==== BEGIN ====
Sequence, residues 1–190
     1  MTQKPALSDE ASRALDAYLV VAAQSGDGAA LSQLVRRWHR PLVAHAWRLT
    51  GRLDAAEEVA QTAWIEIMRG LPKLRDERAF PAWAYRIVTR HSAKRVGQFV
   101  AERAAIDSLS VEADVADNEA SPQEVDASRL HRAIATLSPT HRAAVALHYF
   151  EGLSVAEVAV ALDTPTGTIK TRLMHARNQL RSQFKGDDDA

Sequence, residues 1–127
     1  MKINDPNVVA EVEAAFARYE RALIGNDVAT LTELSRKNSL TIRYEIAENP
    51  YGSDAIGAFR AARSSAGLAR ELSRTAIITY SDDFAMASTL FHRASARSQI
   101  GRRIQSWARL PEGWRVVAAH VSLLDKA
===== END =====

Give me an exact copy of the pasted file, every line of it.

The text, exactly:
Sequence, residues 1–190
     1  MTQKPALSDE ASRALDAYLV VAAQSGDGAA LSQLVRRWHR PLVAHAWRLT
    51  GRLDAAEEVA QTAWIEIMRG LPKLRDERAF PAWAYRIVTR HSAKRVGQFV
   101  AERAAIDSLS VEADVADNEA SPQEVDASRL HRAIATLSPT HRAAVALHYF
   151  EGLSVAEVAV ALDTPTGTIK TRLMHARNQL RSQFKGDDDA

Sequence, residues 1–127
     1  MKINDPNVVA EVEAAFARYE RALIGNDVAT LTELSRKNSL TIRYEIAENP
    51  YGSDAIGAFR AARSSAGLAR ELSRTAIITY SDDFAMASTL FHRASARSQI
   101  GRRIQSWARL PEGWRVVAAH VSLLDKA